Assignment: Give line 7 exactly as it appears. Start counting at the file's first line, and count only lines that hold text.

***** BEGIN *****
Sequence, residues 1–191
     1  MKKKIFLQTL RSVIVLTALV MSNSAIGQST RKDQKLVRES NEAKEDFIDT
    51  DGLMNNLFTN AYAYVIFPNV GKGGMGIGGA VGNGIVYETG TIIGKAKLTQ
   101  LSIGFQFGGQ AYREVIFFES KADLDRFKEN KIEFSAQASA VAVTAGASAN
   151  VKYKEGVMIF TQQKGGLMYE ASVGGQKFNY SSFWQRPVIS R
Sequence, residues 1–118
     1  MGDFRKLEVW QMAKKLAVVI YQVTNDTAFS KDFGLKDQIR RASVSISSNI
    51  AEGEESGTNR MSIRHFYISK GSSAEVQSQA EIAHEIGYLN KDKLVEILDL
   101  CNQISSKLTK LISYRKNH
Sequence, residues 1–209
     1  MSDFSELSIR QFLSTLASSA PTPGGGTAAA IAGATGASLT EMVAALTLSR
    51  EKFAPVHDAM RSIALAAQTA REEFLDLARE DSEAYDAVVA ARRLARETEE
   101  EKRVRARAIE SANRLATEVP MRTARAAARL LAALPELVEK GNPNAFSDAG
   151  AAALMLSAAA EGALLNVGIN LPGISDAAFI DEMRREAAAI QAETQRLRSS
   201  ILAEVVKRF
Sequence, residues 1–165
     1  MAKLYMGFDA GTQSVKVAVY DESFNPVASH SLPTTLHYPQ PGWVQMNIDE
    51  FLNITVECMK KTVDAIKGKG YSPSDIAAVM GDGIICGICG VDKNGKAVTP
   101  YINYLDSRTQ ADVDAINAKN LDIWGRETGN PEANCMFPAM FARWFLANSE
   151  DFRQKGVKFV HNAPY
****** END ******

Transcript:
     1  MGDFRKLEVW QMAKKLAVVI YQVTNDTAFS KDFGLKDQIR RASVSISSNI